Bruno Le Roux, head of the Socialist Party in the lower house of the French parliament, described the "Crimean vacation" of his right-wing opponents as a "national disgrace."
For the Russian side, however, the trip can certainly be touted as a local foreign policy success. For Moscow it matters little that Mariani and comrades met with representatives of the Crimean Tatar community, admired the peninsula's natural beauty, and visited a French military cemetery.
Of far greater significance is the "breaking" of the "blockade of Crimea," and by a major political force at that. The Republicans could very well return to power in 2017.
The French right's Russian playground
The visit of French parliamentarians will undoubtedly have political ramifications. Until now the Kremlin's chief ally in French politics has been Le Front National (FN). However, despite the fact that this far-right party's rating now stands at 25 percent, the majority system and the anti-FN "cordon sanitaire" mean that the extreme right has little opportunity to play a prominent role in the French parliament.
The Republicans are another matter entirely. The party represents the largest opposition group in the National Assembly, controls the Senate together with its centrist allies, and holds keys positions in all areas of government. Their return to power in 2017 is more than likely, given the unpopularity of the ruling socialist majority.
On the one hand, the Republicans are involved in the center-right European People's Party, known to be one of the EU's least Kremlin-friendly pan-European political parties. Delegate-General for Foreign Relations Pierre Lellouche (of the Republicans) notes in particular that, "Crimea was annexed in a manner contrary to international norms and rules."
On the other hand, the Republicans' approach to Russia seems very pragmatic. The statement by Mariani's group on the need to accept reality and legally recognize the Republic of Crimea as part of Russia is hardly radical for the French parliamentary right.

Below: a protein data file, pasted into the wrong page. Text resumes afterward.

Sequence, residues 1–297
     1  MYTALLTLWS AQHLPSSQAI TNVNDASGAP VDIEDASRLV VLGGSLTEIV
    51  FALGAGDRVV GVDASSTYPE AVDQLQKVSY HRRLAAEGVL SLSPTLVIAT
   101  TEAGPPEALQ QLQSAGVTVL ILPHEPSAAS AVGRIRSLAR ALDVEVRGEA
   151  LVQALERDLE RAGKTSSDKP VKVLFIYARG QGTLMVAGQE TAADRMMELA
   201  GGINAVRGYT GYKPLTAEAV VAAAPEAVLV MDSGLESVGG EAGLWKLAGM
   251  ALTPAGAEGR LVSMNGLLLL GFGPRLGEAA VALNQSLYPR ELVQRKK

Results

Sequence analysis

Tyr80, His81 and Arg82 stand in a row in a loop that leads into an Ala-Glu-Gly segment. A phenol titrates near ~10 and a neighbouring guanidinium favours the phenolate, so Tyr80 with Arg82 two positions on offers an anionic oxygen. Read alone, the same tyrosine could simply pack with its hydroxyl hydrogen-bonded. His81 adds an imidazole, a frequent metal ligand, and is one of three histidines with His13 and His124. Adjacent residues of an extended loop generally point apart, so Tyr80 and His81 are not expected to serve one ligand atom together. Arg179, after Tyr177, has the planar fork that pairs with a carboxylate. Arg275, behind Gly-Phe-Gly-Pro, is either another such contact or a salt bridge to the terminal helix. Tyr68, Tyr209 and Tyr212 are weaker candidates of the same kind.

Party leader and former president Nicolas Sarkozy publicly declared in early 2015: "If Kosovo has the right to be independent of Serbia, I do not see how one can argue that Crimea does not have the right to leave Ukraine and join Russia." Sarkozy describes the current state of EU-Russia relations as a "drama."
Juxtaposed with the strident "pro-Ukrainianism" of its European bedfellows, the French center-right's approach is distinctive - a fact merely confirmed by the informal trip to Russia by a group of French right-wingers. Is it any wonder that the visit was graciously accepted and favorably covered by Moscow?
In contrast, say, to FN leader Marine Le Pen, in the case of Mariani's serious and "handshakable" political group, the Russian authorities did not risk being accused of collaborating with anti-systemic and anti-European circles.
In any event, it seems that the tactic of inviting European politicians to Russia and Crimea will be deployed further. Russian media reports that this fall will see a visit by a group of European Parliament members, some of whom might be persuaded to make a stopover in Crimea.